When employees aren’t challenged regularly, they tend to get board and unmotivated – and this is especially true with your star performers, who tend to learn things quickly.
There are several ways that managers can help employees continue to learn and grow. It can be as simple as setting yearly and monthly goals, or assigning new duties and responsibilities. Again, listening is key: if an employee seems keen to learn a new skill, for example, encourage them to do so – and follow up on their progress (more on that below).
An important thing to remember when challenging your team: sometimes, failure has to be an option. As Forbes explains in an article on challenging employees:
“Regardless of how smart or hardworking one is, failure is inevitable. Everyone makes mistakes or fails to meet expectations at some point in their professional lives, and it’s important to frame those situations correctly or a career can be sidetracked. Again, the leader has much power here. Employees will go further for a leader who they know has their back. It’s important to build your employee back up after a failure and get them back on their feet again as soon as possible. Discuss the failure as a learning opportunity, and avoid being overly critical or berating them about the issue. Make sure they know that you view failure as a necessary part of growth and innovation, and that you see great things for the person ahead.”
6. Celebrate progress
In his book, Business Execution for Results, Stephen Lynch of Results.com explains the importance of encouraging (and acknowledging) progress, no matter now small: “People want to grow, develop, and make progress. If you arrange their work so that they can do that, even a little bit every day, they are more likely to become motivated.”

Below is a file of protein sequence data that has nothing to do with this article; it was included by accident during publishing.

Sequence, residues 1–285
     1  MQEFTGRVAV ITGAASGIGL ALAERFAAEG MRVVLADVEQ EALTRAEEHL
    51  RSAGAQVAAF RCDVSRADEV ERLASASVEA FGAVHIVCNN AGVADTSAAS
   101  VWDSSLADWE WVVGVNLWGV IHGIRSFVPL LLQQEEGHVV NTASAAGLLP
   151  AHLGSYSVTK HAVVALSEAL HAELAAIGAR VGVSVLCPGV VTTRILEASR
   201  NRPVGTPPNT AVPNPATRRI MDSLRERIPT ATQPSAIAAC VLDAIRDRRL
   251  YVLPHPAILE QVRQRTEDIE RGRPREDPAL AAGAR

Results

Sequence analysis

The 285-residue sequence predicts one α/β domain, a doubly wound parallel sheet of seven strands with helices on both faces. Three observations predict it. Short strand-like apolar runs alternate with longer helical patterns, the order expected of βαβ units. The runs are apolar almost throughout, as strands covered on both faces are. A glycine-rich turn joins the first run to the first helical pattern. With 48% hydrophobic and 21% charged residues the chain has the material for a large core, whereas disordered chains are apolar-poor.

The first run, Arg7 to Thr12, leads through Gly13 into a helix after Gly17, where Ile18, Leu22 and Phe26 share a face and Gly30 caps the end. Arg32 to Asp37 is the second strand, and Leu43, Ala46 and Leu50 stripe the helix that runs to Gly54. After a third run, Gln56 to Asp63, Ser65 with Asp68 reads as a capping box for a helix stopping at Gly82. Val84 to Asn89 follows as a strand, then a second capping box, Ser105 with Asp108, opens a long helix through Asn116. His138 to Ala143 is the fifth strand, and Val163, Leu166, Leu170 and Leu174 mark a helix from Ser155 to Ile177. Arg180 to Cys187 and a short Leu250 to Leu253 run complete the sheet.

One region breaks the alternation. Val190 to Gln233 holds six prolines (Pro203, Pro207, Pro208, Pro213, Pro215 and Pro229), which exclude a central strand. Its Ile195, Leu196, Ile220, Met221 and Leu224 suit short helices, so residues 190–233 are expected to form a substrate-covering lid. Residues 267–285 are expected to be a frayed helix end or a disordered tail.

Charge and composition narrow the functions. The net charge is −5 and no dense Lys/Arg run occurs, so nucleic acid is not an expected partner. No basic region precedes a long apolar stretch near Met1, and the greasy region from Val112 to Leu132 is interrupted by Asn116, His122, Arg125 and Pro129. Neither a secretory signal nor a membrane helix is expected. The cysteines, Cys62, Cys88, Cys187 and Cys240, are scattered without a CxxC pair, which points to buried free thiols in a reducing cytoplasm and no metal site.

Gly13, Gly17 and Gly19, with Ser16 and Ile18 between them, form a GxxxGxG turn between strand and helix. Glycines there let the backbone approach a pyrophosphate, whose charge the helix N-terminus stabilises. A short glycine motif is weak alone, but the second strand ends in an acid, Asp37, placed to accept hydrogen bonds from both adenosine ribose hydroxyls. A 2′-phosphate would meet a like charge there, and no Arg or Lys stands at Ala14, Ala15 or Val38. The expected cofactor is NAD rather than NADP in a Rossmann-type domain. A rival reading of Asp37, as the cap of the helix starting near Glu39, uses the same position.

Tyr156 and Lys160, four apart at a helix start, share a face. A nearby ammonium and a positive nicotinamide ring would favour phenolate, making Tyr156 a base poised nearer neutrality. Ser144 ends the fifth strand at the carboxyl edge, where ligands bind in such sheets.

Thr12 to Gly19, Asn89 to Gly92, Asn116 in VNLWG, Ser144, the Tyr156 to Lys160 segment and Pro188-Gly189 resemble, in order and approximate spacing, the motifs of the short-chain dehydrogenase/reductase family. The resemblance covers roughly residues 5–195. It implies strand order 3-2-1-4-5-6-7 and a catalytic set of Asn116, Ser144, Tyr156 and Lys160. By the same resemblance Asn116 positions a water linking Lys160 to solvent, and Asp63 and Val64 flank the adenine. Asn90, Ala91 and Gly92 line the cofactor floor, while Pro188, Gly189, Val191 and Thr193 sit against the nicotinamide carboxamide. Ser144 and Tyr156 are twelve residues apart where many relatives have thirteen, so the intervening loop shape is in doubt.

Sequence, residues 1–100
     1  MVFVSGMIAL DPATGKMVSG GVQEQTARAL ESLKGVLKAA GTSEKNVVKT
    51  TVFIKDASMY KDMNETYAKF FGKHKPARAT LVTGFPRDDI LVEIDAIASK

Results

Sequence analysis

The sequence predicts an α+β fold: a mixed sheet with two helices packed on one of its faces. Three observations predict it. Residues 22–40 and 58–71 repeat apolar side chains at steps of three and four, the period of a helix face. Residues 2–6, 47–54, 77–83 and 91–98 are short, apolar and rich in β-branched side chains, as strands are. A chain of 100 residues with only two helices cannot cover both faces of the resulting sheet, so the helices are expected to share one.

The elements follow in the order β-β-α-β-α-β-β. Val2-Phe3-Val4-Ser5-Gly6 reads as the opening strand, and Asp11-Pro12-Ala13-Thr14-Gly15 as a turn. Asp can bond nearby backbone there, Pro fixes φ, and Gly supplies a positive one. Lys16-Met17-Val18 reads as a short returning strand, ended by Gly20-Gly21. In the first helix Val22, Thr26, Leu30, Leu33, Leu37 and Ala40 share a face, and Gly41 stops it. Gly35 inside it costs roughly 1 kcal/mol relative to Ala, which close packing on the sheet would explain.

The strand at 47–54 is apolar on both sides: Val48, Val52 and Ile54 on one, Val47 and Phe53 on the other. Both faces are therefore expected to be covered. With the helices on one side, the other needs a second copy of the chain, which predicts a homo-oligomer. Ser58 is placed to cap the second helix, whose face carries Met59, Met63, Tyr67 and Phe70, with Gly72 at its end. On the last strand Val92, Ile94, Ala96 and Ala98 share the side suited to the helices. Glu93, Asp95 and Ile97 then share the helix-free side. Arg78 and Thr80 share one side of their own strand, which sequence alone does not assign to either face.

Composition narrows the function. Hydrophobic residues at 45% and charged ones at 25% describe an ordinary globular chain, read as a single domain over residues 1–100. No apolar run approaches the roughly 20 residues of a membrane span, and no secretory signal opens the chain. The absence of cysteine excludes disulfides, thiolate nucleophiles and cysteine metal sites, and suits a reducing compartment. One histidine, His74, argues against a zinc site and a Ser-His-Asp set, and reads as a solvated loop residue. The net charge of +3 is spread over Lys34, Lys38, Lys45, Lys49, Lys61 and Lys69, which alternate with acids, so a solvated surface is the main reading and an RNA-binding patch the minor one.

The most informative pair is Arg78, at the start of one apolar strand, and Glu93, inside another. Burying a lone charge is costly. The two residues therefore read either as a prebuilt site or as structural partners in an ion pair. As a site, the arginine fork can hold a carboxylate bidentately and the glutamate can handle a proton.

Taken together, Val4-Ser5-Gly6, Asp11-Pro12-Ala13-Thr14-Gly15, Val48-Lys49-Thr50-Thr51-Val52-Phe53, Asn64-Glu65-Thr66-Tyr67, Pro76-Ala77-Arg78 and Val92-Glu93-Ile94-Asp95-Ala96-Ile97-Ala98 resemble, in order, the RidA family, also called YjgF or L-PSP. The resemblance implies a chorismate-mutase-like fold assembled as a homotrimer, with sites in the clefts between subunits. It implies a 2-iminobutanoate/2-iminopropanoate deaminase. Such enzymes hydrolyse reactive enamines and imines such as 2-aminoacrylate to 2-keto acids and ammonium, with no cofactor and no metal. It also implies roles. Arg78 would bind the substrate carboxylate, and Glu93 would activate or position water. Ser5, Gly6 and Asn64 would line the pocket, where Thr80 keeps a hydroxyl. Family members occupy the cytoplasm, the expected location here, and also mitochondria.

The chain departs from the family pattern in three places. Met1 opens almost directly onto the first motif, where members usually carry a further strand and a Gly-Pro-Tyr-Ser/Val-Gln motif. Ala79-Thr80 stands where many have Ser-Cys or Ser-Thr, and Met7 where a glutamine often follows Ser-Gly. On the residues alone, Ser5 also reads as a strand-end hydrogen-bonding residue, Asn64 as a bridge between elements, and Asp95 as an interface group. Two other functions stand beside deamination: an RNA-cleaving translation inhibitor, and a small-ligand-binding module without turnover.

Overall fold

To celebrate progress within your team, break goals down to smaller milestones (and, if possible, even smaller tasks for each milestone). Each time something is checked off the list, your team will know they’re one step closer to a big achievement.
7. Allow for (some) autonomy
This should come as no surprise: people want as much control as possible over their work life. As Quartz puts it, “The key to happiness at work isn’t money – it’s autonomy.”
This means letting your employees make some decisions themselves. This means cracking down on micromanagement. This means trusting your employees. Depending on the management structure at your company, starting to allow autonomy might be a major shift, but it can also mean a huge boost in engagement, motivation, and retention.
8. Show them who they are impacting
A few years ago, a study by Adam Grant explored the importance of showing employees who their work impacts. The study looked at a software firm’s call centre, where one group of employees were given inspirational words by the CEO, while another group met an “internal customer” (an employee in another department whose salary depends on the call centre’s sales). The latter group had a 20 per cent improvement in revenue.
“Leadership is most effective in motivating followers when they interact with the beneficiaries of their work, which highlights how the vision has meaningful consequences for other people,” wrote Grant.
In short: give them a purpose, and employees with thrive.